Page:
Long John Silver and Jim Hawkins (Treasure Planet)

 You didn’t think this wouldn’t get on there, right? I mean, do you even know me? Also, I count them as one, because it’s their relationship that gets me. I love all the iterations of Treasure Island, but Disney’s Treasure Planet hit me right in the feels. That friendship between Silver and Hawkins, part family, part enemy… it’s the most beautiful thing to ever exist. I think I’m gonna spend the rest of my career chasing it.

  Prince Zuko.

Yeah… They are all guys. I think I’m getting why I have such a hard time writing female characters.

  Prince Zuko is probably one of the best written characters on television. Am I being a bit extreme. I don’t think so. He subverted expectations. Played both the best bad guy and the best good guy. He mirrored and also contrasted Aang so beautifully.

  Most authors would make a character like him skilled, perfect, powerful. While, sure, Zuko was a great fire-bender, he’s also really clumsy. He has to fight for everything he gets. Including his redemption arc, which is just gorgeous by the way.

   Across the board, Avatar the Last Airbender is a beautifully done story. But I think what Zuko best taught me is to write the underdog. There are a lot of beautiful, paper thin characters out there. A lot of characters who say the right thing, do the right thing, and are far more skilled than anyone around them. But sometimes the most interesting character is the guy who loses every fight. The one who whines and complains. The one who always drops the ball.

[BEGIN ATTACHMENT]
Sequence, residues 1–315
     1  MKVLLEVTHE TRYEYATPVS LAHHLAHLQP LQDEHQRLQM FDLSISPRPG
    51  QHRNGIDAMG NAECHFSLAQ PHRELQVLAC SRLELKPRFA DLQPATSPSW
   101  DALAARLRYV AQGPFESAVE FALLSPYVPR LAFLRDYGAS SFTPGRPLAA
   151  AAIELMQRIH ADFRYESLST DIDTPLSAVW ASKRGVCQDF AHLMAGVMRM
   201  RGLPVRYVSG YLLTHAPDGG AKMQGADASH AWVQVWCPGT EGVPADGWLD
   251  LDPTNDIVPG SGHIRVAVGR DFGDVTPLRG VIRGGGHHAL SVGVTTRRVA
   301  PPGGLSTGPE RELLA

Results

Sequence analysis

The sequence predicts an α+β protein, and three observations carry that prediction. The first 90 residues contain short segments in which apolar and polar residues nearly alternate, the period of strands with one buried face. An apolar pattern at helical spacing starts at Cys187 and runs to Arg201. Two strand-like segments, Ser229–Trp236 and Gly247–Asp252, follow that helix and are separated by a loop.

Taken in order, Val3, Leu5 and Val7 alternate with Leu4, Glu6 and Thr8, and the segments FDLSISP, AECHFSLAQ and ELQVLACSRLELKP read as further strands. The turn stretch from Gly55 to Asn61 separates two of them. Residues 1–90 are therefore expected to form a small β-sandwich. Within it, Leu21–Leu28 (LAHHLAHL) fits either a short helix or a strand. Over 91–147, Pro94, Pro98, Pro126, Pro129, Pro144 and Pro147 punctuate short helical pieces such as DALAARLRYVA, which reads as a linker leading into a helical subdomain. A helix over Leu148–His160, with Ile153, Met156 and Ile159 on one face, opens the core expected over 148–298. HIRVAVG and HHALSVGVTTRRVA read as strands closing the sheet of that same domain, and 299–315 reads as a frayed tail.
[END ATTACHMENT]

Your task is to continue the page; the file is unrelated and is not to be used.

I want to explore more characters like that. After all, I think all of us understand how it feels to be the failure now and then.

  It’s kinda sad that I look back on this list and don’t see any women. Maybe that’s because the people I related to as a kid were a bit more messy and wild. Maybe it’s just the age I grew up in, where, if you included a female in your MG or YA book , she was probably really whiney and arrogant. I can think of a few of those right now.

  I read a lot of classics too, with some really solid female characters. I’m glad to be adding to that list. With characters like Naomi Nagata from The Expanse, Lagertha from Vikings, Moana (her friendship with Maui is almost up there with Silver and Hawkins), and Eowyn from Lord of the Rings (who would probably be on this list, if it were a bit longer. She was one of those heroes of my childhood. I felt like she WAS me) But that is beyond the point.

  I think the point is, we take the best of the art around us, to build our own art. I find that most of my characters are filling a Christ-role at some point. Hated by the people they are suffering for. It pops up a lot. Or I will find that themes from what I’m reading or watching at the moment seep into my writing. Frankenstein, for instance, in Malfunction. Or the Louisiana setting of Walking Dead and the stories from Lore in Raventree.

   That is a good thing. Authors aren’t meant to stand along. Art is not meant to stand alone. I can only hope that one day, my characters take their place in lists like this.